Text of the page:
Networks Censor News of Massive Democratic Protest Vote Against Obama
42 percent of Democratic primary voters in Kentucky on Tuesday chose "uncommited" over Barack Obama. In Arkansas, a Tennessee attorney finished with 41 percent of the vote.
ABC's Good Morning America, NBC's Today and CBS This Morning all skipped the embarrassing story, despite the fact that CBS and NBC covered the far less interesting Republican primary.
During the month of May, Obama suffered through a series of humiliating protest votes in Democratic primaries. On May 8th, the incumbent President nearly lost the West Virginia primary to a convicted felon. Yet, except for a single mention at 4am on May 9th, the networks have buried Obama's bad news.
news reader Natalie Morales explained, "Just under six months to go
until election day and Republicans are coming together behind Mitt
Romney, who picked up victories in the Kentucky and Arkansas primaries
This Morning co-anchor Erica Hill boringly noted, "In the U.S. presidential race, Mitt Romney won primaries in Arkansas and Kentucky yesterday, bringing him closer to cinching [sic] the Republican nomination."
Part of the news is reporting interesting things that happen. Mitt Romney winning yet another primary isn't interesting.
A sitting Democratic President suffering his third primary protest vote against non-serious candidates is interesting. Or it should be to journalists concerned with facts and trends.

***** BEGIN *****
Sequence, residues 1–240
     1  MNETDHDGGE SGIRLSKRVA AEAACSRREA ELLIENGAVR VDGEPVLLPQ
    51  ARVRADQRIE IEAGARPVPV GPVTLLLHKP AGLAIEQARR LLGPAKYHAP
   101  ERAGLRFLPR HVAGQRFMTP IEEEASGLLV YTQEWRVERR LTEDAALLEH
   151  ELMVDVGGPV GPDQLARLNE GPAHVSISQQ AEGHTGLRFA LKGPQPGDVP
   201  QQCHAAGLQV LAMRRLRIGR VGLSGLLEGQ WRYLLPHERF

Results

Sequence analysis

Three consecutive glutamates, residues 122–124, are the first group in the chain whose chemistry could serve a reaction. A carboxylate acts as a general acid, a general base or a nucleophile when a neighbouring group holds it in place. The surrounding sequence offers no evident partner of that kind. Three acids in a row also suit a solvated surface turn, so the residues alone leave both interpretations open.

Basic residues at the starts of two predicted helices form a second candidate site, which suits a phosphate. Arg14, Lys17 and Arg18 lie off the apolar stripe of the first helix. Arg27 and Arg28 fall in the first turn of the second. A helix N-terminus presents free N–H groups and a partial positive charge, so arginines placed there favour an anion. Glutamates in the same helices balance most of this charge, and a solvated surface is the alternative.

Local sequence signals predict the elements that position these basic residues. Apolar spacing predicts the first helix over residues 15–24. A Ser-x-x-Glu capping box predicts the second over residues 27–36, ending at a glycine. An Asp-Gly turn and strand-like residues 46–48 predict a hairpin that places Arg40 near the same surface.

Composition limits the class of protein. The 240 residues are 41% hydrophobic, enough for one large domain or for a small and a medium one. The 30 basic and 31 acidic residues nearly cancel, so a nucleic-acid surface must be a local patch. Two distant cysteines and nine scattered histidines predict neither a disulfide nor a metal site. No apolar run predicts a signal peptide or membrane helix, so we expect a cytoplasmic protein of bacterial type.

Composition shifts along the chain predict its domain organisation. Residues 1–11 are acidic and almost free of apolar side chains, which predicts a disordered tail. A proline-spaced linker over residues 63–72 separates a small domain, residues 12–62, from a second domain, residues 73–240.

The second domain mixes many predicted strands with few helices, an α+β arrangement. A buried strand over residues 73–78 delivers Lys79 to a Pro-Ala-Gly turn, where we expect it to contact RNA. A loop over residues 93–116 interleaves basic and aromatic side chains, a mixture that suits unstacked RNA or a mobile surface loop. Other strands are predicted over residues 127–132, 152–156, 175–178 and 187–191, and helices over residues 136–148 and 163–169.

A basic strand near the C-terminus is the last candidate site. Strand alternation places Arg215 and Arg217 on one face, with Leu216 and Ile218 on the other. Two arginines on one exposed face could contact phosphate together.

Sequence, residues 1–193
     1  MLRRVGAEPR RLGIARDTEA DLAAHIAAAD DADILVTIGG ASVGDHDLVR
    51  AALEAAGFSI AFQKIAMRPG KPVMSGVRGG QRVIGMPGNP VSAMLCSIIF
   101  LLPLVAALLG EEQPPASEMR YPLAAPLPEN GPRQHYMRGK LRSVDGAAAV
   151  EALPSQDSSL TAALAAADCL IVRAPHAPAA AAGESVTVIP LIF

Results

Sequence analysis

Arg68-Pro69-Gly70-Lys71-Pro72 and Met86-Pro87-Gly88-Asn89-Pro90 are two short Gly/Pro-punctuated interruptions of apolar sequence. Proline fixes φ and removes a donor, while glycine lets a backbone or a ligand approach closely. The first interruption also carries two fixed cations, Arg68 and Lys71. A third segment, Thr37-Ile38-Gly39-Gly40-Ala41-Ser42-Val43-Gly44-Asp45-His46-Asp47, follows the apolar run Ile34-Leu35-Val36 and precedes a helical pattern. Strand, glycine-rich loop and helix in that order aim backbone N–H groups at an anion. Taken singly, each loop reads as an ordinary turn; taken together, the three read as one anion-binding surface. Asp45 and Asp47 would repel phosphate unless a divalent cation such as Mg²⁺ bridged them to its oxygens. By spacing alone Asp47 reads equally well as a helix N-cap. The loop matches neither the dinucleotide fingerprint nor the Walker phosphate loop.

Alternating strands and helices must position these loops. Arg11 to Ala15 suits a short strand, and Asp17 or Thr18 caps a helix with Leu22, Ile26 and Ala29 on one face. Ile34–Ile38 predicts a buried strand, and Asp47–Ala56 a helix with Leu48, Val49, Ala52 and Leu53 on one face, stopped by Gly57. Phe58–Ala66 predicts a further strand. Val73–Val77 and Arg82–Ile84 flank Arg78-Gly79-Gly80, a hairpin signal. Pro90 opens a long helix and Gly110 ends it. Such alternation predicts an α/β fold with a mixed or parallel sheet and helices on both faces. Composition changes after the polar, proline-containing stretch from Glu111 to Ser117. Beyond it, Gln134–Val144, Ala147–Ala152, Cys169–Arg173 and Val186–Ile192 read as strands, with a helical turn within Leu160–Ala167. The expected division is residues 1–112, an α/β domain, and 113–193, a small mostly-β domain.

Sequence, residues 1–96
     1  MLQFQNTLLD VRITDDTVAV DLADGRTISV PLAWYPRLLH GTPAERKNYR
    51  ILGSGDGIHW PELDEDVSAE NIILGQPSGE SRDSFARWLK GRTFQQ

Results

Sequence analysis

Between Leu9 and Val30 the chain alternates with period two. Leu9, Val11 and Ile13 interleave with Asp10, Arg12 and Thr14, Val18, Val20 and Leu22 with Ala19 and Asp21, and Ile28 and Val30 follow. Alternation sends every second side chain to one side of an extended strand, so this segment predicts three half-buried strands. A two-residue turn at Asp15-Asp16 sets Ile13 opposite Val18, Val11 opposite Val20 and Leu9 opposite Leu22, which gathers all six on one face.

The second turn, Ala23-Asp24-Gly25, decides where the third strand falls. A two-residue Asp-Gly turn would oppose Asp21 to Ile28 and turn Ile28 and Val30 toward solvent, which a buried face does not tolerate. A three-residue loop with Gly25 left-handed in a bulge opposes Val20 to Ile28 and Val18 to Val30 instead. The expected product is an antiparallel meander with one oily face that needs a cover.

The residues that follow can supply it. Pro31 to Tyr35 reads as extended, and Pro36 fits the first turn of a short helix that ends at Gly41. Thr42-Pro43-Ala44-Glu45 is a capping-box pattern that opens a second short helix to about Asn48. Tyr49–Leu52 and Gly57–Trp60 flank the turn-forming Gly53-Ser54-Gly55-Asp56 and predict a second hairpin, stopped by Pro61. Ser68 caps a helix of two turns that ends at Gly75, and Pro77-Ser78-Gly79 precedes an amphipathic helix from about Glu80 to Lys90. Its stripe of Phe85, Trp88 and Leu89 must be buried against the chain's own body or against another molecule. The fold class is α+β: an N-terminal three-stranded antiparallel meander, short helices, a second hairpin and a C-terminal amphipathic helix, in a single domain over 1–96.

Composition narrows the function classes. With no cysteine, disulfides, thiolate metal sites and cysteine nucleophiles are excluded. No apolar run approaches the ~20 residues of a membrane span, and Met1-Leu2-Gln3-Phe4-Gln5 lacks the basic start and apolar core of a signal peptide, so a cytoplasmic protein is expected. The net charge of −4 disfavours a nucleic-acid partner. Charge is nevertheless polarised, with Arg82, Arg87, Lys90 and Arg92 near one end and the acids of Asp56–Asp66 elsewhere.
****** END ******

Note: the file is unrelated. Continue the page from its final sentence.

Such a protest vote should at least warrant a mention. Democratic voters going out of their way to register displeasure, despite the fact that Obama obviously will be their nominee, indicates anger and problems ahead for the President.
On May 9th, GMA, Today and CBS This Morning all skipped convicted felon Keith Judd earning 43 percent of the vote in West Virgnia. The only network program to cover it was the CBS Morning News, a show that airs at 4am.
News anchor Danielle Nottingham informed her tiny audience:
DANIELLE NOTTINGHAM: On the Democratic side, President Obama won the West Virginia presidential primary but a Texas inmate got about forty percent of the votes. Keith Judd is serving time for making threats at the University of New Mexico in 1999. He got on the ballot by paying a twenty-five-hundred-dollar fee and filling out a form. West Virginia's coal industry opposes the President's environmental policies and the state's Democratic senator and governor haven't said if they'll support the President.